News China’s diplomats must stop attacking media over coronavirus reporting Help by sharing this information December 4, 2019 Find out more PeruAmericas Reporters Without Borders fears a renewal of violence against the press in the run-up to 9 April general elections, after 2005 was marked by more than 60 assaults and threats. The organisation again condemned the implication of local authorities in many cases of assault and called on election candidates to give clear promises on respect for the right to inform and be informed. Latin America’s community radio – a key service but vulnerable PeruAmericas Latin American media: under control of families, economic and political elites Follow the news on Peru March 7, 2006 – Updated on January 20, 2016 Fears for 9 April elections as journalists face new wave of abuse to go further Organisation Receive email alerts April 1, 2020 Find out more Reporters Without Borders said that it feared that mistreatment of journalists by local political leaders in the first months of 2006, presaged abuses as bad as those which marked the previous year.Last year, the organisation recorded 62 cases of threats and physical assaults against the press. Nine journalists have suffered the same kind of attack since the start of 2006, often at the hands of the local authorities.“Peru holds the unenviable record for the most attacks against the media on the American continent”, it said. “The public authorities are delaying in coming to grips with this phenomenon and for the good reason that they are widely involved in it”.“The campaign for presidential and legislative elections on 9 April raises fears of a further outbreak of violence. In this situation, candidates must clearly promise their backing for the right to inform and freedom of expression”, it said.A group of police officers, under the orders of Capt Mendoza, on 24 February 2006, went to the studios of the radio Amistad in Aucayacu, central Peru and accosted the sole staffer present, soundman Edwin Revilla.They told him to provide them with precise information about the journalists and those in charge of programmes as well as the running of the radio and licences it has had issued.Vladimir Angulo, a journalist on radio Amistad, who condemned what happened, said the intimidation could be linked to the case of the death of terrorist leader, Héctor Aponte Sinarahua, alias “Clay”, gunned down by police on 19 February 2006. The radio, on 20 February, broadcast a statement from a witness to the effect that the terrorist chief was not dead after the clash, as the official version said. Police had reportedly riddled him with bullets, firing without warning. The police chief in Aucayacu, Capt. Roger Rossi Denegri, told the Institute for Press and Society (IPYS), that he had not authorised the police raid.Elsewhere, Felipe Tipián and cameraman Levis Cárdenas of the TV programme “Enfoques” on the Red Global channel were targeted by municipal official Carlo Magno Pasquel, who tried to run them down with his motorbike and left the cameraman with a leg injury as they were covering a demonstration in Tarapoto, northern Peru on 28 February. He then got off his bike and insulted the journalists, who had implicated him in cases of poor local management.Finally, supporters of presidential candidate Ollanta Humala Tasso insulted and attacked Karina Chávez, who runs the TV programme “Prensa libre” at an election rally on 8 February in the Comas district, north of Lima, punching her in the face and spitting at her. News February 10, 2017 Find out more News RSF_en News
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Solskjaer and Neville were team-mates at United (Picture: Getty)Paul Pogba highlighted the ‘joy’ that Solskjaer has brought to United following their struggles under Mourinho.Asked how Solskjaer has managed to turn things around, Pogba told BBC Sport: ‘It’s his joy. He’s not playing, he’s not acting. He’s just giving joy to everyone and giving confidence to everyone and you can see on the pitch.‘Playing with the lads, playing all together, defending and attacking all together helps every player to be at their best and that’s what we’re doing.‘It’s from the good atmosphere of the team.’ Comment Gary Neville hopes Manchester United wait until March to make their decision (Picture: Getty)Gary Neville believes Manchester United should hold off until March before deciding whether Ole Gunnar Solskjaer should be appointed on a permanent basis.The Norwegian remains unbeaten as United interim manager following a comfortable 3-0 win away at Fulham on Saturday and reports suggest the club have already concluded that the Solskjaer is the man to take them forward.The 45-year-old, who spent 11 years as a player at Old Trafford, has transformed the atmosphere in the dressing room after a dismal start to the season under Jose Mourinho and United’s board have seen enough.However, Neville has urged his former club to wait a few weeks to make their decision, with matches against Paris Saint-Germain, Chelsea, Liverpool, Arsenal and Manchester City on the horizon.AdvertisementAdvertisementADVERTISEMENTMore: FootballRio Ferdinand urges Ole Gunnar Solskjaer to drop Manchester United starChelsea defender Fikayo Tomori reveals why he made U-turn over transfer deadline day moveMikel Arteta rates Thomas Partey’s chances of making his Arsenal debut vs Man City‘My personal view is still, wait until March,’ the ex-United right back said on his Sky Sports podcast.‘I don’t think there’s any real reason to rush it and make that announcement today and that’s not because Manchester United have got seven or eight tough games in this next month. Metro Sport ReporterMonday 11 Feb 2019 8:30 amShare this article via facebookShare this article via twitterShare this article via messengerShare this with Share this article via emailShare this article via flipboardCopy link546Shares Solskjaer is yet to lose as United interim manager (Picture: Getty)‘I just think it’s sensible to reflect over a three or four month period but Ole Gunnar Solskjaer is putting himself in with a major shout of getting the job.‘I’m looking at it from an owner’s point of view and thinking that if Manchester United continue in the vein they are towards the end of the season, playing the way they are, get into the top four…‘The risk of not giving Ole Gunnar Solskjaer the job is huge.‘If, next October, they’ve spent £30-40million to get a manager and a new manager and a new coaching set-up into the club, and they’re in fifth, all hell will break loose.’ Manchester United should wait before appointing Ole Gunnar Solskjaer as permanent manager Pogba scored a brace against Fulham (Picture: Getty)Pogba, who scored two goals at Craven Cottage, hopes United use the victory for momentum ahead of a challenging few weeks for the club.‘It’s always great to score goals but the most important thing is to win games. When you don’t win, it’s not the same feeling,’ the midfielder told Sky Sports.More: FootballBruno Fernandes responds to Man Utd bust-up rumours with Ole Gunnar SolskjaerNew Manchester United signing Facundo Pellistri responds to Edinson Cavani praiseArsenal flop Denis Suarez delivers verdict on Thomas Partey and Lucas Torreira moves‘I feel great, the team feels good, and we just have to carry on like this.‘This game was really important. It’s a good sign, it gives confidence to the team. We have to carry on like that to stay in the top four.’MORE: Anthony Martial can be the new Cristiano Ronaldo, says Man Utd manager Ole Gunnar Solskjaer Advertisement Advertisement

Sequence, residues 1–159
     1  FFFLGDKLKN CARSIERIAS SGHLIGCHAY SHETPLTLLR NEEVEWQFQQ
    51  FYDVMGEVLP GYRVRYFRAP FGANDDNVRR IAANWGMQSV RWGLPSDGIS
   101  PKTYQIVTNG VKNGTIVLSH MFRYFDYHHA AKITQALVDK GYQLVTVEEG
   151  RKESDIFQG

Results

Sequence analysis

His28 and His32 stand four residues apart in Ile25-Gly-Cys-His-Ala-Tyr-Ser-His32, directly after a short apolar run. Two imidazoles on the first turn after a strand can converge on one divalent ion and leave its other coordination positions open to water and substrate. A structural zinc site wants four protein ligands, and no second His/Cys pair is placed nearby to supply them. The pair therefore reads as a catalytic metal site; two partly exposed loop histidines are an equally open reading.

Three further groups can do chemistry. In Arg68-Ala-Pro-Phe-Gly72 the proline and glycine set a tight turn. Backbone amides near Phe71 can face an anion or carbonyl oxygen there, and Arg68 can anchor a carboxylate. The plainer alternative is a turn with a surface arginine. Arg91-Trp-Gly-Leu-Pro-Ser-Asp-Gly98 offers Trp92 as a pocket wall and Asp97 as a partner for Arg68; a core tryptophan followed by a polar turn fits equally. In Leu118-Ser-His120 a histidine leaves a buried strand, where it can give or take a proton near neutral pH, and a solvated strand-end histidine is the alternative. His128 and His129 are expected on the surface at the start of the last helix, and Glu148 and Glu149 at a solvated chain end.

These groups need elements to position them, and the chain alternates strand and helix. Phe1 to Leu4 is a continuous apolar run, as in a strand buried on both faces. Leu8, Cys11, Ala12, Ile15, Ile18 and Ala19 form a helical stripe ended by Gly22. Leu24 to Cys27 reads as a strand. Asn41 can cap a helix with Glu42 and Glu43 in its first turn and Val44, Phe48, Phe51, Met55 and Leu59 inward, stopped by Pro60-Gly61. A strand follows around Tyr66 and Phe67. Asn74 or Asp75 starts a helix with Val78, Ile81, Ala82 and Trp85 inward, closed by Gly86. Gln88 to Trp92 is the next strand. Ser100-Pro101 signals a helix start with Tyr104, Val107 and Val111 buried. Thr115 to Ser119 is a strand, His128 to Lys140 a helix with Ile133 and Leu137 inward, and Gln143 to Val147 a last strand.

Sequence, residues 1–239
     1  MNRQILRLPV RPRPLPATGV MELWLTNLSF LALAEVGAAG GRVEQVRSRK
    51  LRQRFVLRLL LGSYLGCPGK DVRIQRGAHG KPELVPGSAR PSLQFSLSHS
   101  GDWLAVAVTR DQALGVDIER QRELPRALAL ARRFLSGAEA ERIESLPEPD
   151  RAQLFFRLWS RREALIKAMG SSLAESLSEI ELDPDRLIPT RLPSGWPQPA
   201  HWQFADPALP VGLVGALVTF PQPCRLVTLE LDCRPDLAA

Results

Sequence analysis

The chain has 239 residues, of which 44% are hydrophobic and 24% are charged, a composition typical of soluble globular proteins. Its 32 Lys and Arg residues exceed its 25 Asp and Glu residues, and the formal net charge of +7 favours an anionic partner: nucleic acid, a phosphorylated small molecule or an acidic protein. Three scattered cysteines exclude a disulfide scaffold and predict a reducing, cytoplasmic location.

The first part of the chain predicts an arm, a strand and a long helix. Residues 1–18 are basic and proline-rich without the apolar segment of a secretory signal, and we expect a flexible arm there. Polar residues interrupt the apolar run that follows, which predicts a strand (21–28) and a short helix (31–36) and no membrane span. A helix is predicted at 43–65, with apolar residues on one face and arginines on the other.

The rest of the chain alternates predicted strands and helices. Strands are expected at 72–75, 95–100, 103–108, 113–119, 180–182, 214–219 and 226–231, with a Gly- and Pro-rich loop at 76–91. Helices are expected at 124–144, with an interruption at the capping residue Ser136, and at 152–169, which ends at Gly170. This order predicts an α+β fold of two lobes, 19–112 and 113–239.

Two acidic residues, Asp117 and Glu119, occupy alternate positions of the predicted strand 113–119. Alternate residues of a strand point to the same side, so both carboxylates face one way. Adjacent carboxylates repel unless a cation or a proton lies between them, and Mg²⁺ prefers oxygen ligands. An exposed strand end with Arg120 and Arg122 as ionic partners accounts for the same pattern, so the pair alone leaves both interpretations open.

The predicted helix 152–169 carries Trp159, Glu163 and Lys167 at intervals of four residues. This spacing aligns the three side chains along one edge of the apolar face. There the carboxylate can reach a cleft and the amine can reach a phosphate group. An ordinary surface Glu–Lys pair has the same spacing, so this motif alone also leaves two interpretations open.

The UK’s Lancashire County Pension Fund has bought an industrial estate in the north of England through Knight Frank Investment Management (KFIM) for £7.8m (€9.7m) from Anglesea Capital and Hudson Advisors.The purchase price of the 142,220ft2 multi-let Walton Summit Industrial Estate in Preston, Lancashire, reflected a 7.3% yield, said KFIM.The estate is occupied by chemicals manufacturer Evans Vanodine, courier company Yodel and brewing equipment firm Three Nations.Lewis Ellis acted for KFIM in the deal, and CBRE represented the seller. Meanwhile, HSBC Life (UK) – a subsidiary of the HSBC Holdings group – is selling its UK pensions manufacturing business to Admin Re Group, part of the Swiss Re Group.A spokesman for HSBC said the sale was part of the bancassurance strategy HSBC Holdings had been following for the last few years, aimed at simplifying the business and deploying capital more effectively.The UK subsidiary will continue to offer pension products, but no longer package them itself, he said.Under the terms of the transaction, HSBC will sell its corporate and individual pensions policies, and an associated annuities book.Around £4.2bn of underlying assets under management formed part of the deal, and about £4bn of this was managed by HSBC Global Asset Management (UK), the group said.HSBC Global Asset Management will continue to be the investment manager of these underlying assets.The deal also included a reinsurance agreement with ReAssure whereby HSBC has transferred certain economic risks and rewards of the business to ReAssure from 1 January 2014 until the deal completes.The transaction is subject to regulatory and law court approvals and is expected to complete in the second half of 2015.